- Associated Press - Monday, May 30, 2011

INDIANAPOLIS (AP) - Chip Ganassi thought he had his bets covered with different fuel strategies for teammates Scott Dixon and Dario Franchitti, who dominated the first 164 laps of the Indianapolis 500.

Instead Ganassi lost big, prompting 2008 Indy winner Dixon to publicly criticize the team’s game plan.

“I don’t really know how to say this other than to say that it was completely stupid,” Dixon said of what he called an unnecessary late refueling stop. He said he thought the team should have given him enough fuel to last until the end of the race, especially given that the No. 9 car pitted 10 laps later than the other contenders.

“For us to be leading the race, and not add a half a second or a full second of fuel, I don’t know how that happens,” Dixon said.

It happened because Ganassi was hedging his bets, hoping to earn his third 500 victory in four years no matter whether the race stayed green or under caution.

With Franchitti, who won last year’s race on fumes, Ganassi took the cautious approach. He calculated that in the last five years, there were an average of nine caution laps from Lap 165 to the end of the 500. Had that happened again, Franchitti would have had enough fuel to win his third Indy title. If not, Ganassi figured he could win by giving Dixon an extra splash, thinking the No. 9 car would cross the line first if the race stayed green.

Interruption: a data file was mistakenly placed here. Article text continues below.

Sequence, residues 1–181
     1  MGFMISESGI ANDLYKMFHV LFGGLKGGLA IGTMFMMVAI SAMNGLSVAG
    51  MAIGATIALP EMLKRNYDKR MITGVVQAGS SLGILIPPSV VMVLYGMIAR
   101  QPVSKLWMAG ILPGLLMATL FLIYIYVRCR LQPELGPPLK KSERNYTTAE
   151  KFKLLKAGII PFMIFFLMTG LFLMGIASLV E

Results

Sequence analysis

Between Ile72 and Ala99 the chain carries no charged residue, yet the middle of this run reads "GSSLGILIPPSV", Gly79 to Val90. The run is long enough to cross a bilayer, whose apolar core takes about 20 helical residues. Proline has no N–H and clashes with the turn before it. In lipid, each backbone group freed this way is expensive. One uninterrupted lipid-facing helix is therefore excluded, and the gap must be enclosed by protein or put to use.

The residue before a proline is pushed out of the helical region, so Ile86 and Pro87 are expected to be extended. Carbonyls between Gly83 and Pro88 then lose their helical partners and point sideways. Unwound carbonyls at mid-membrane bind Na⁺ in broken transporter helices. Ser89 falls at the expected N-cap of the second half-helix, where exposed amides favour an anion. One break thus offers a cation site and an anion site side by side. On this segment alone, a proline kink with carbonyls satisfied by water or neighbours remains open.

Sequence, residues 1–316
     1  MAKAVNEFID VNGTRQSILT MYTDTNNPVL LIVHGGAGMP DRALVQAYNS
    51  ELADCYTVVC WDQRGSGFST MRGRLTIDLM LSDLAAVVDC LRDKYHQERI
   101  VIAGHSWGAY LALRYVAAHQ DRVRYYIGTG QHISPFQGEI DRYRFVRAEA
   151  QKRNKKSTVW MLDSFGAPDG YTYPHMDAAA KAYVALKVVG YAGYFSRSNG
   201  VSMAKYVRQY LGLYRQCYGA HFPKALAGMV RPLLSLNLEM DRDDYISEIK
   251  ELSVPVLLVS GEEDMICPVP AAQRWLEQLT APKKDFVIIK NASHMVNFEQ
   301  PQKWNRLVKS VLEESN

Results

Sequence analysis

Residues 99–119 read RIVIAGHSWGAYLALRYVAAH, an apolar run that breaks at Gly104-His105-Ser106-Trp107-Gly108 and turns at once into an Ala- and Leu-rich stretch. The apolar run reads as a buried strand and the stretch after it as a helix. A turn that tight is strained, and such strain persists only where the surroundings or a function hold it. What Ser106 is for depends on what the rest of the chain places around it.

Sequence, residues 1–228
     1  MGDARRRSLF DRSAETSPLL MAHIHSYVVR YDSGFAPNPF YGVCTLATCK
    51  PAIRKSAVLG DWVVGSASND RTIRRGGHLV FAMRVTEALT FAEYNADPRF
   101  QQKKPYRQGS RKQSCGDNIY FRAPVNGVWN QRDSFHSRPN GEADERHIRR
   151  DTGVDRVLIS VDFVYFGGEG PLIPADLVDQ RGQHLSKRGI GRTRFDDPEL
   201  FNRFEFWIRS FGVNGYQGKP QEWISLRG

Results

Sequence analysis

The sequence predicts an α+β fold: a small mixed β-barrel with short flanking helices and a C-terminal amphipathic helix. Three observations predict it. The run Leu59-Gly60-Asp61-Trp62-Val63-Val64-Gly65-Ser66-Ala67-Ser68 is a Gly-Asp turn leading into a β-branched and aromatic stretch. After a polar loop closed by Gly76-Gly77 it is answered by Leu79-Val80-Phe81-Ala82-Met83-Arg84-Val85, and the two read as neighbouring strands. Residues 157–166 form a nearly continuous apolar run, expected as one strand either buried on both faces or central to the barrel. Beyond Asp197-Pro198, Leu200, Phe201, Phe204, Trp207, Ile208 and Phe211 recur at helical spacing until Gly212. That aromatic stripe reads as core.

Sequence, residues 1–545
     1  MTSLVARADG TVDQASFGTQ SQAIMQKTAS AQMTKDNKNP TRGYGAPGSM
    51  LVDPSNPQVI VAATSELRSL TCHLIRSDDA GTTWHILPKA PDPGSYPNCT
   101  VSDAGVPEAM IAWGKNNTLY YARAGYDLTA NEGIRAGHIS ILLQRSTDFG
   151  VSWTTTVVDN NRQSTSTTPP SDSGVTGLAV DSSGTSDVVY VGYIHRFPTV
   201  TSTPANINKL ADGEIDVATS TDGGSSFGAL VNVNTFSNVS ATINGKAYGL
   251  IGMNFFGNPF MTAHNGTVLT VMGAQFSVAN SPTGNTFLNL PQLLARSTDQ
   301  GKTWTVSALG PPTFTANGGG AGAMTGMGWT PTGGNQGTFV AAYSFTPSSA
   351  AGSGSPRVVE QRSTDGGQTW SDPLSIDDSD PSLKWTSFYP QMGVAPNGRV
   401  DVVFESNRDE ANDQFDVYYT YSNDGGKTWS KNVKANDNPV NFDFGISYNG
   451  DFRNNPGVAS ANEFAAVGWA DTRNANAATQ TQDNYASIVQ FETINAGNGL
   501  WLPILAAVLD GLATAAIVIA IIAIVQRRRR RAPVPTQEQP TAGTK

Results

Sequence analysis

Franchitti and runner-up JR Hildebrand both stopped for fuel on Lap 164, but Hildebrand stayed in the pits an extra four seconds to take new tires. Franchitti did not. That decision might have allowed Hildebrand to run unabated to the finish line while Franchitti’s worn tires burned fuel faster.

Dixon, however, didn’t pit until Lap 179 _ a quick eight-second stop. He then worked his way back to second for Laps 198-199 but faltered on the final lap around the 2.5-mile oval.

“We thought we had both strategies covered, and we would win either way,” Ganassi said.

Instead Dixon finished fifth; Franchitti, who was running second as late as Lap 196, faded to 12th.

The mistakes came just one week after Ganassi’s top two drivers both ran out of fuel on the last of their four qualifying laps, costing both a shot at the pole. On Sunday, it cost them the race.

“I don’t second-guess these guys,” Franchitti said. “I have a very narrow view of what’s going on. They have the big picture. These guys have won me a lot of races and some championships, and I don’t second-guess them.”